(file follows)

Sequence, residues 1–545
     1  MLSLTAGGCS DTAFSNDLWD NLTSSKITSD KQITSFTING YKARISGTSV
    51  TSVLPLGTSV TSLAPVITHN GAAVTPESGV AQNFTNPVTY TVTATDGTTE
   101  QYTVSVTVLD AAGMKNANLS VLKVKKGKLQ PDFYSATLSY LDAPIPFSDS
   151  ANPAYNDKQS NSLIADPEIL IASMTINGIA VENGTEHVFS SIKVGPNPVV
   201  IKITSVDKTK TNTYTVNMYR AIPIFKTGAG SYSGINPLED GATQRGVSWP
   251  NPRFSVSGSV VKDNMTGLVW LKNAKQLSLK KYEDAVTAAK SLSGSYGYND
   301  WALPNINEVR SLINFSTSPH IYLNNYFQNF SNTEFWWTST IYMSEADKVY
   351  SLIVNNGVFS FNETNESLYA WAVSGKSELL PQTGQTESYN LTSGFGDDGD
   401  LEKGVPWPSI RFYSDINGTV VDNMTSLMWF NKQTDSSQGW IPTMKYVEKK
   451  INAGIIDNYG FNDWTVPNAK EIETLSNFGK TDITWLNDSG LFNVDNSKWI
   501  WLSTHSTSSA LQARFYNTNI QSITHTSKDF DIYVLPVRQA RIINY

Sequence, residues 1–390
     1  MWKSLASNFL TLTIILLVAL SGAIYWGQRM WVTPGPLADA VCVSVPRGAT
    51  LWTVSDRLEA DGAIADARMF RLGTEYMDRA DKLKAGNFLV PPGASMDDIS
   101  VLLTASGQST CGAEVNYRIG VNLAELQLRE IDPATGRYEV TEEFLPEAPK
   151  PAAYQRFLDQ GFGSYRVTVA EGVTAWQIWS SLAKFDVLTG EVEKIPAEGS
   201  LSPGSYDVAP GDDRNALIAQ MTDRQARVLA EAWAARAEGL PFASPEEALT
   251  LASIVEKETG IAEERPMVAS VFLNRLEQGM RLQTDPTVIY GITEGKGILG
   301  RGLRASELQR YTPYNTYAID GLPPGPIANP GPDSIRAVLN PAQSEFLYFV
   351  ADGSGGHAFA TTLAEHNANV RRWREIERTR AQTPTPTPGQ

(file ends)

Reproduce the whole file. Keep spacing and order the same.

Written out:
Sequence, residues 1–545
     1  MLSLTAGGCS DTAFSNDLWD NLTSSKITSD KQITSFTING YKARISGTSV
    51  TSVLPLGTSV TSLAPVITHN GAAVTPESGV AQNFTNPVTY TVTATDGTTE
   101  QYTVSVTVLD AAGMKNANLS VLKVKKGKLQ PDFYSATLSY LDAPIPFSDS
   151  ANPAYNDKQS NSLIADPEIL IASMTINGIA VENGTEHVFS SIKVGPNPVV
   201  IKITSVDKTK TNTYTVNMYR AIPIFKTGAG SYSGINPLED GATQRGVSWP
   251  NPRFSVSGSV VKDNMTGLVW LKNAKQLSLK KYEDAVTAAK SLSGSYGYND
   301  WALPNINEVR SLINFSTSPH IYLNNYFQNF SNTEFWWTST IYMSEADKVY
   351  SLIVNNGVFS FNETNESLYA WAVSGKSELL PQTGQTESYN LTSGFGDDGD
   401  LEKGVPWPSI RFYSDINGTV VDNMTSLMWF NKQTDSSQGW IPTMKYVEKK
   451  INAGIIDNYG FNDWTVPNAK EIETLSNFGK TDITWLNDSG LFNVDNSKWI
   501  WLSTHSTSSA LQARFYNTNI QSITHTSKDF DIYVLPVRQA RIINY

Sequence, residues 1–390
     1  MWKSLASNFL TLTIILLVAL SGAIYWGQRM WVTPGPLADA VCVSVPRGAT
    51  LWTVSDRLEA DGAIADARMF RLGTEYMDRA DKLKAGNFLV PPGASMDDIS
   101  VLLTASGQST CGAEVNYRIG VNLAELQLRE IDPATGRYEV TEEFLPEAPK
   151  PAAYQRFLDQ GFGSYRVTVA EGVTAWQIWS SLAKFDVLTG EVEKIPAEGS
   201  LSPGSYDVAP GDDRNALIAQ MTDRQARVLA EAWAARAEGL PFASPEEALT
   251  LASIVEKETG IAEERPMVAS VFLNRLEQGM RLQTDPTVIY GITEGKGILG
   301  RGLRASELQR YTPYNTYAID GLPPGPIANP GPDSIRAVLN PAQSEFLYFV
   351  ADGSGGHAFA TTLAEHNANV RRWREIERTR AQTPTPTPGQ